‘100% in favor’: Professors embrace in-person finals season

Jason+Buffer%2C+left%2C+and+Shalini+Jose%2C+graduate+students+in+the+School+of+Medicine%E2%80%99s+biomedical+masters+program%2C+study+for+their+biochemistry+final+in+Hillman+Library+on+Friday+evening.

Clare Sheedy | Assistant Visual Editor

Jason Buffer, left, and Shalini Jose, graduate students in the School of Medicine’s biomedical masters program, study for their biochemistry final in Hillman Library on Friday evening.

By Alexandra Ross, Staff Writer

Students taking Sara Morrison’s Neurochemical Basis of Behavior class this semester will prepare for her final exam by looking over their notes, doing practice problems, rereading the textbook and maybe grabbing a cup of coffee.

“It’s unfortunately at 8 a.m. on Monday,” Morrison, a research assistant professor of neuroscience, said. “That’s the first time that’s ever happened to me, that I had to give an 8 a.m. final, so I was like, ‘Sorry, guys.’”

The past three semesters, Pitt required professors to provide a remote option for final exams. But this semester, professors can choose their own format, whether it’s in person, online or a combination of the two.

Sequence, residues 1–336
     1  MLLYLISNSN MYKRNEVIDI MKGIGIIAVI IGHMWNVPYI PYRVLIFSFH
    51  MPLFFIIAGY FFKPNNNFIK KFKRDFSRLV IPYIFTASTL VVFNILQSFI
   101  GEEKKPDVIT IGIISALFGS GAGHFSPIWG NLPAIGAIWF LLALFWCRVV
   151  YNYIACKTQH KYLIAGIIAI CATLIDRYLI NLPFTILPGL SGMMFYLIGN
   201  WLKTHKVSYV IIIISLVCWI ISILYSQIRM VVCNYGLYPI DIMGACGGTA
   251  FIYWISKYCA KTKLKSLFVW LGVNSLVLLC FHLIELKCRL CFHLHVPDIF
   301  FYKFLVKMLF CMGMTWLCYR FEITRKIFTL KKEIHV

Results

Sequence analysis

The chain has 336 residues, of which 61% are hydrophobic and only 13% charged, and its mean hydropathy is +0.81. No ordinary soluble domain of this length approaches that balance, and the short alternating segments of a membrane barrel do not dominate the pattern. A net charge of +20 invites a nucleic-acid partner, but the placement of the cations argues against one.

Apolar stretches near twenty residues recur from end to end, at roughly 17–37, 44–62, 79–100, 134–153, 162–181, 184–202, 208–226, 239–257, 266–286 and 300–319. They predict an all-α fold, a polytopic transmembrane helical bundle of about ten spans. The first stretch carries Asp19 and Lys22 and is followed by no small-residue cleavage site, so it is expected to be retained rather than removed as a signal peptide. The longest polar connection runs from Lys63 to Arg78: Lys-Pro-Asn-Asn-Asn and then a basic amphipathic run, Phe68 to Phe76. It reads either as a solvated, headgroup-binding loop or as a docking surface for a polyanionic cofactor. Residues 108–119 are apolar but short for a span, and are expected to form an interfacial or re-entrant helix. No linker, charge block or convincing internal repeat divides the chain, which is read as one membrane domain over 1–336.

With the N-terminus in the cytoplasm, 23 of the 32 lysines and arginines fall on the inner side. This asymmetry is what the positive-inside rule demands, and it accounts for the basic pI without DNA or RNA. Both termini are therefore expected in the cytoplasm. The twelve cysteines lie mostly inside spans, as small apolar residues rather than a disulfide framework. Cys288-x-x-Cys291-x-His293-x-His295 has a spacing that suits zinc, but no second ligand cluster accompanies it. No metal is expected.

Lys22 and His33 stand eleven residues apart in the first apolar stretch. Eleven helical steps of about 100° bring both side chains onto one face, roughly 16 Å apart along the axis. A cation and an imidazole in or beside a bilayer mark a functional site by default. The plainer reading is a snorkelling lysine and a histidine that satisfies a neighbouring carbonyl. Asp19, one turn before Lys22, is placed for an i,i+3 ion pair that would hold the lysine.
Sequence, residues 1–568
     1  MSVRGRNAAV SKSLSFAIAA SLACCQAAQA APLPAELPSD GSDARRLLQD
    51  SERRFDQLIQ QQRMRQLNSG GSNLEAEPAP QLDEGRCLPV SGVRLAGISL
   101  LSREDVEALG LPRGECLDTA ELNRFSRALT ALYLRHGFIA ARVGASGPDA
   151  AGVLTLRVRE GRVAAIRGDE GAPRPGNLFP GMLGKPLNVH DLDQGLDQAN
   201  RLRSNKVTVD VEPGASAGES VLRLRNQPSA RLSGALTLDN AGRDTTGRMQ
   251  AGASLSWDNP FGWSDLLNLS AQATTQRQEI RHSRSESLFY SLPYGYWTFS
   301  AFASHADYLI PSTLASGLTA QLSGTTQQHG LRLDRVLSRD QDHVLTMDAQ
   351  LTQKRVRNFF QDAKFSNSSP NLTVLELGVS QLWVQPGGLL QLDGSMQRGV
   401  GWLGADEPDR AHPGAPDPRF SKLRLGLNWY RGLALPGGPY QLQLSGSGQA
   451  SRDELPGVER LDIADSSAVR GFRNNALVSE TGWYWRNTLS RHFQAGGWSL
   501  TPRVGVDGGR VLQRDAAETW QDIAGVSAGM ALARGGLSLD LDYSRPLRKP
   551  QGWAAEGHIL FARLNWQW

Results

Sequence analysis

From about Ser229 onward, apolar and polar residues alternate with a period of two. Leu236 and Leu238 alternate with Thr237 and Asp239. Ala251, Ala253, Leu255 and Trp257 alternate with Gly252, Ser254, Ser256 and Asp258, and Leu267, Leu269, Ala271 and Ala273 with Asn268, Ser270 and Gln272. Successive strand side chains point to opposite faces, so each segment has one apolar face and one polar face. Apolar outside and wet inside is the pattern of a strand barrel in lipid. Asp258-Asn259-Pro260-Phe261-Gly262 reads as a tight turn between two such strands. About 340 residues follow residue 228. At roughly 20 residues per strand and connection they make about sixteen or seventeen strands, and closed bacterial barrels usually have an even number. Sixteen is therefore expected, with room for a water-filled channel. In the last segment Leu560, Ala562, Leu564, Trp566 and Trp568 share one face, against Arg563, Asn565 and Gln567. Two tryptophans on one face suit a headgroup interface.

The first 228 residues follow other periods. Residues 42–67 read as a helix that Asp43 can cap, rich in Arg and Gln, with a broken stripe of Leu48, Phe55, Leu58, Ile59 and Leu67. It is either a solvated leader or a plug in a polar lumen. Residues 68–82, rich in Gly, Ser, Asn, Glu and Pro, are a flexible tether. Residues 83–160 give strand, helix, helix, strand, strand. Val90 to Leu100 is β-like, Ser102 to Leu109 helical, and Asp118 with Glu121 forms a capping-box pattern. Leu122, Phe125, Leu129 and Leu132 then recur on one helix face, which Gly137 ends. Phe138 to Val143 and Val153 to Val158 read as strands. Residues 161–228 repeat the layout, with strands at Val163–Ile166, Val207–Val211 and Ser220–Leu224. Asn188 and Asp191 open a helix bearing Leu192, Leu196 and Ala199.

While classes moved online last year, Morrison said the way she held her finals — and all other exams — changed drastically. She said tests were open book, not proctored and could be started at any point within a 24-hour window. This year, despite the early exam time, she said she is happy to see students learning and taking tests in the classroom — where she can better see and understand their work.

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“I prefer to see people writing and puzzling out their exams, I prefer to be in the room with them and have them ask me questions if they need help immediately and I kind of like grading paper exams and seeing the students doodles and notes to me on it,” Morrison said. “They show their work better when they’re writing it by hand in person. I get a better sense of their thought process.”

George Bandik, a chemistry professor who currently teaches Organic Chemistry I, said he was “100% in favor” of finals being fully in person this semester. He said the in-person format of exams allows him to better help his students with any questions, which was a struggle last year.

“I love the fact that final exams are in person,” Bandik said. “If students have questions, I’ll be in the room, I can answer them. If a question doesn’t make sense, I can do that. It was hard to do all that stuff on Zoom, because if a student wants to ask a question on Zoom, the whole class would hear the question. There was no way to just have one particular student be able to answer a question.”

Bandik said his final exam will not look too different from the one he gave last fall, because he offered his students an in-person final last year, in addition to online.

“I actually got permission, and I gave my final last fall in person [to] the people that were willing to take it in person,” Bandik said. “And so my final, format-wise, has not changed at all. I used the exact same format last fall when we were in the pandemic as I am this fall. But last fall, I did have to give it to people in person and people on Zoom.”